Anna Karenina, The Thirty-Nine Steps and Twelve Years a Slave are among 100 titles being offered as part of a new initiative from Penguin Classics, following a call for action by Schools Minister Nick Gibb MP to ensure there is more classic literature being taught in our schools.
The 100 titles – taken from Penguin’s popular Black Classics series – range from the earliest writings to early 20th century works, span fiction and non-fiction, poetry and prose, and are intended to offer a springboard for children to discover the classics. All the titles are by authors who died before 1946 and are therefore out of copyright.
Penguin is offering secondary schools classroom sets of 30 copies of each of the 100 titles for a package price of £3,000, allowing pupils to read along with their teacher and classmates.
The Schools Minister wants to encourage debate and discussion among students and members of the public on what classic literature should be read in the classroom.
Schools Minister Nick Gibb said, “It is important that all pupils in secondary school are taught to read and enjoy challenging books from amongst the world’s greatest literature. The first few years of secondary education is an opportunity for pupils to be introduced to such literature free from the constraints and analysis of public exams.
“I welcome this initiative from Penguin and look forward to seeing the list grow so schools can discover great books together.
“But this is not the end of the debate and I want this to be a springboard for discussion on the impact a great story can have on us all.”
Simon Winder, Publishing Director, Penguin Classics said, “For 70 years, Penguin Classics have been introducing the world’s most extraordinary books to millions of readers. The Classics in Schools initiative is a fantastic opportunity to continue with what has always been our mission – to get remarkable, good-value books into the hands of as many people as possible.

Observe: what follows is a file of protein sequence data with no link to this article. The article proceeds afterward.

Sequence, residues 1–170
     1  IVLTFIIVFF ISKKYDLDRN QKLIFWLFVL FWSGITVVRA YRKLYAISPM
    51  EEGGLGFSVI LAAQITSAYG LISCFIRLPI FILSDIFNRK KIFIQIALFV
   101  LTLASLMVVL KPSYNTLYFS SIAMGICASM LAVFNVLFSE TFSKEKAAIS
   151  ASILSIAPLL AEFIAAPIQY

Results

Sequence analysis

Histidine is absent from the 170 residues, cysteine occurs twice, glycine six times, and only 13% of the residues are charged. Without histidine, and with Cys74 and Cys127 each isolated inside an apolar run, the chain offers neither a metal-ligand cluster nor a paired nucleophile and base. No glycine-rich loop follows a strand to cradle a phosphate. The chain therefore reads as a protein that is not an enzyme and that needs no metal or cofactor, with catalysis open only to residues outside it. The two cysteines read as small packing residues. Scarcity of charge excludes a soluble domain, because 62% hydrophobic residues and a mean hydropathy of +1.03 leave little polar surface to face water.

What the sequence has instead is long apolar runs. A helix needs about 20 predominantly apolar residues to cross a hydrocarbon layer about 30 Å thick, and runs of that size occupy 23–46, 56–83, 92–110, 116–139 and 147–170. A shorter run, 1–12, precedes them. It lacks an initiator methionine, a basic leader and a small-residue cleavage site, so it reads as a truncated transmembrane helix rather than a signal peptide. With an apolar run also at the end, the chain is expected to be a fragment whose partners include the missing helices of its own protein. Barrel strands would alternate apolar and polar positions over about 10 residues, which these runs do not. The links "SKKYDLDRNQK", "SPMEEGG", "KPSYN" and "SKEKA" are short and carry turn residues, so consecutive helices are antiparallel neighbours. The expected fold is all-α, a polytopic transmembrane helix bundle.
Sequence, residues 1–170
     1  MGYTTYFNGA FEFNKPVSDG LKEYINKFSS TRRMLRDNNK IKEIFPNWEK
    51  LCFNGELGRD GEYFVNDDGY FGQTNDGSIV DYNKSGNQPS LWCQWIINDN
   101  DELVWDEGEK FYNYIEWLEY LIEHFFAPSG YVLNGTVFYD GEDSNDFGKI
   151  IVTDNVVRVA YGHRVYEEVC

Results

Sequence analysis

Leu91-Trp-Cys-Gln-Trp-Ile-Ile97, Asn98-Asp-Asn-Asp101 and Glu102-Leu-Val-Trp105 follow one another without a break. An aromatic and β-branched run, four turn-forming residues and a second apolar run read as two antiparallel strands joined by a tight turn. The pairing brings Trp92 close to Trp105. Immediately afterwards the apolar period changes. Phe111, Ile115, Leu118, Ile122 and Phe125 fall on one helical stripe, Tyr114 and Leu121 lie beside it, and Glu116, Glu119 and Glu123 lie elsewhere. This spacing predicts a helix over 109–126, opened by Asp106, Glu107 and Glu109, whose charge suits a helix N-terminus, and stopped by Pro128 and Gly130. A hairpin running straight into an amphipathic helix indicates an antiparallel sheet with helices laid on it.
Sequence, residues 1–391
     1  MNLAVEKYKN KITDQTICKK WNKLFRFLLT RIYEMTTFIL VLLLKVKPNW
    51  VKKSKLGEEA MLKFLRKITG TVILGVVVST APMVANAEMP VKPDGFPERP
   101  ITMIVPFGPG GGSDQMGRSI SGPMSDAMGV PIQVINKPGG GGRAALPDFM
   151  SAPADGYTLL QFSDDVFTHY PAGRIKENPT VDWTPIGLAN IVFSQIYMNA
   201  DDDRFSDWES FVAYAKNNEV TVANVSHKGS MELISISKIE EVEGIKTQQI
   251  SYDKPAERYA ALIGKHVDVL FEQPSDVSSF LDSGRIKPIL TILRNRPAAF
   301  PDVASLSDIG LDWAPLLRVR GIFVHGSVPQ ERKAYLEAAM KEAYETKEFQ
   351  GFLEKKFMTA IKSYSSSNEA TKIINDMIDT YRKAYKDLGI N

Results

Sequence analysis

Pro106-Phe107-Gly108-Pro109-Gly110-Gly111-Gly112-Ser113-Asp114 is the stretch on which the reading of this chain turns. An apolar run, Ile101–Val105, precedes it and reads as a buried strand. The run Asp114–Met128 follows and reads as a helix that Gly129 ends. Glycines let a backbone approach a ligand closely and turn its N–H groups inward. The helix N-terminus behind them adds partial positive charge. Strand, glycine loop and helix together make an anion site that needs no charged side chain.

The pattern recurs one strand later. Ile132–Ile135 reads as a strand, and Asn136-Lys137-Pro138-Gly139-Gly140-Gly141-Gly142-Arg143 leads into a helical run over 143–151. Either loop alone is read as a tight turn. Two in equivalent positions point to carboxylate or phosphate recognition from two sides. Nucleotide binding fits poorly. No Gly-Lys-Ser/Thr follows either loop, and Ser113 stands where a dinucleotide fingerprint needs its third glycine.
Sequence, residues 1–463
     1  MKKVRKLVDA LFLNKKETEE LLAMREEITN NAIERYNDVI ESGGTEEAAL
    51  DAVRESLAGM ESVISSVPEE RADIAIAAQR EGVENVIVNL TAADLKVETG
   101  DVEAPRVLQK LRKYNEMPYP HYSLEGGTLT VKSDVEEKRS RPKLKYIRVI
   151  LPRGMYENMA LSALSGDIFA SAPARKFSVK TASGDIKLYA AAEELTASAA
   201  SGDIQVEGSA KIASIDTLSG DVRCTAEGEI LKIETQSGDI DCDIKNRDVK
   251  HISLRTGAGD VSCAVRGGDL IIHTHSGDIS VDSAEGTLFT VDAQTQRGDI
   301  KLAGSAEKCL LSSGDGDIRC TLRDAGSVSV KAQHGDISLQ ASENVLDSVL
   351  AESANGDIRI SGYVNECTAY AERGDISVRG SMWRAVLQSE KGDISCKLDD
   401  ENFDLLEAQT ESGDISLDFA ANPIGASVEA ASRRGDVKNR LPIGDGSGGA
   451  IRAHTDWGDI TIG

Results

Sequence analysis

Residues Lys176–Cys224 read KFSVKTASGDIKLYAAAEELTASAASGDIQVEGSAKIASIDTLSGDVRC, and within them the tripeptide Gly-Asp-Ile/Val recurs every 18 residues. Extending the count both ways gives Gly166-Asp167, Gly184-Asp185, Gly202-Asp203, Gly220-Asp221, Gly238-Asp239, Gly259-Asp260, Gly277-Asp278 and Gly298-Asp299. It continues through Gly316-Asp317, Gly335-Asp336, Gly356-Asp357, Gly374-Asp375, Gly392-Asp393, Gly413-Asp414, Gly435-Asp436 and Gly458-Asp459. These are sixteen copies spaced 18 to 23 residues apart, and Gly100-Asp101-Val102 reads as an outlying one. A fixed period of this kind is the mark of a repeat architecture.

“We have chosen 100 books from the Penguin Classics series to continue our tradition of engaging the next generation – to surprise, provoke and delight young readers. The opportunity to work with schools to make these 100 books available to their students is a unique one and we are thrilled to be involved.”
Nick Gibb wants to encourage more secondary schools to read together as a whole class, ensuring all pupils leave school well read and with an appreciation of a wide range of authors, genres and texts. The list from Penguin Classics is intended to broaden the literature which pupils are exposed to and allow them to enjoy stories and authors which might otherwise be beyond their individual reading level.
The move builds on government reforms, which have transformed the way young people learn to read. Since the introduction of the phonics screening check in 2012, 120,000 more children are on track to becoming excellent readers.
The government has already made more than £20 million available for schools to buy and develop resources for teaching phonics. Those who do not reach the threshold in the light-touch check are given extra reading help by their teachers so they catch up early in their school career, before it is too late.
In August 2015, the Department for Education announced its ambition to be the best in Europe for reading by 2020 alongside the first steps in the government’s literacy campaign, including:
- funding the Reading Agency to extend their popular Chatterbooks scheme which has led to 200 new book clubs being opened in primary schools since September last year
- supporting the Reading Agency to work with schools and get more year 3 pupils enrolled at their local library to help them get into the library habit early
Scholastic have launched their Scholastic Classics, giving schools and students access to the classics in class sets and packs.